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ERIC Number: ED447942
Record Type: RIE
Publication Date: 2000-Jun
Reference Count: N/A
A Varied Social Experience for Children with Diverse Language and Ability.
Couse, Leslie J.; Clawson, Mellisa A.
Previous studies have provided evidence that the early childhood language environment, especially teacher language, is an important influence on children's social, cognitive, and linguistic development. This study compared preschool teachers' verbal interaction with children with disabilities, children using English as a second language, and typically-developing peers at an inclusive university-based preschool. Participating in the study were 43 girls and 48 boys ranging in age from 24 to 61 months. Twelve children had a diagnosed disability, and 14 used English as a second language (ESL), with no overlap between the groups. Data on rate and content of teacher-child interaction were collected during classroom observations. Findings indicated that teachers had significantly fewer transactional interactions, fewer expressive interactions, and less positive affect with ESL children than with English speaking children. The ESL children gained significantly fewer positive child responses than English speaking children. Teachers had significantly fewer one-way interactions with children with disabilities than with typical children. Children with disabilities ignored significantly fewer initiations than children without disabilities. It was concluded that language environments were different for children based upon their native language and the presence of a disability. (KB)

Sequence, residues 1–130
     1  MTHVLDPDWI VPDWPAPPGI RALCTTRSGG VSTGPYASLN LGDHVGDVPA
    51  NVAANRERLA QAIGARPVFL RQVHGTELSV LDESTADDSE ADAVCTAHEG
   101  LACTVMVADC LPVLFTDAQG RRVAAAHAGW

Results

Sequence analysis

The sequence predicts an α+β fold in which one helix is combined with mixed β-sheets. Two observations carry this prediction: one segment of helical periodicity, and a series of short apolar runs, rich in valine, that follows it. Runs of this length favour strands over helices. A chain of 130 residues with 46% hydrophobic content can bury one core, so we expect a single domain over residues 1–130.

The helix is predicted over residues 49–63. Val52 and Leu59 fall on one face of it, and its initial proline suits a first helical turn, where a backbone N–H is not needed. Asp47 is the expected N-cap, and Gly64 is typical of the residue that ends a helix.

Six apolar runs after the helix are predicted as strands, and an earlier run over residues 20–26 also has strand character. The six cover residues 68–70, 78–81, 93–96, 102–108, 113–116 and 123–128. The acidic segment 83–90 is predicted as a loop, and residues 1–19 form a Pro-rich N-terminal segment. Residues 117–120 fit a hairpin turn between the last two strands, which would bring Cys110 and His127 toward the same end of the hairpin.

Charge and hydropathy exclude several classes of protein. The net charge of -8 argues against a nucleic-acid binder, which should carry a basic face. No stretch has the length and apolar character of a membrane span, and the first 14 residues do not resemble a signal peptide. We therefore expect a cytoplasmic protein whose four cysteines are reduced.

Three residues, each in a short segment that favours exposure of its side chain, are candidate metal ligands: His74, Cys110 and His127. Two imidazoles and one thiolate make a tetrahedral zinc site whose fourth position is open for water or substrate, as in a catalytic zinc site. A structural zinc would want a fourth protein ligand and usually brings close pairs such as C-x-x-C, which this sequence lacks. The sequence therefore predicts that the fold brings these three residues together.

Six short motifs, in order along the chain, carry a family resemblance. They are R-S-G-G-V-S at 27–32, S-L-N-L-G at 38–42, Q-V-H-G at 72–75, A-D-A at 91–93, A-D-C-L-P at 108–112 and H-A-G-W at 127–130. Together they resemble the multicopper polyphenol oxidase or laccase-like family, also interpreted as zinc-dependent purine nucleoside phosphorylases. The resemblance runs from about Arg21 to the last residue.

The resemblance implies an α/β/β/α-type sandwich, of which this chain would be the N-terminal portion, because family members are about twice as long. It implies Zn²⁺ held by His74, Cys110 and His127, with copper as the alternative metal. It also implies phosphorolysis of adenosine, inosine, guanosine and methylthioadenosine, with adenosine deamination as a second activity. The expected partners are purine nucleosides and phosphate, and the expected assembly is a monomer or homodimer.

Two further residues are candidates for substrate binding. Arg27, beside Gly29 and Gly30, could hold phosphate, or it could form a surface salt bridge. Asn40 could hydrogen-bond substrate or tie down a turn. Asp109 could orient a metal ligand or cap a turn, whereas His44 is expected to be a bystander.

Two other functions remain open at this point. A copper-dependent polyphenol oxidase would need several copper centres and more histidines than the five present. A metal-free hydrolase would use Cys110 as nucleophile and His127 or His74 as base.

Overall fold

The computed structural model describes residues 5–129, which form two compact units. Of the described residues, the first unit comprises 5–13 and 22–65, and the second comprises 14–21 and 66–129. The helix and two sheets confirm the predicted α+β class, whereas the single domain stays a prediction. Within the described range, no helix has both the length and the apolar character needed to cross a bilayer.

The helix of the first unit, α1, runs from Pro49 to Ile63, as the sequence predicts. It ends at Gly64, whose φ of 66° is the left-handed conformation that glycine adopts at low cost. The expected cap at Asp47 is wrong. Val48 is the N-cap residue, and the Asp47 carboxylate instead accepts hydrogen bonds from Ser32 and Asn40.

Publication Type: Reports - Research; Speeches/Meeting Papers
Education Level: N/A
Authoring Institution: N/A
Note: Paper presented at the Head Start National Research Conference (Washington, DC, June 28-July 1, 2000).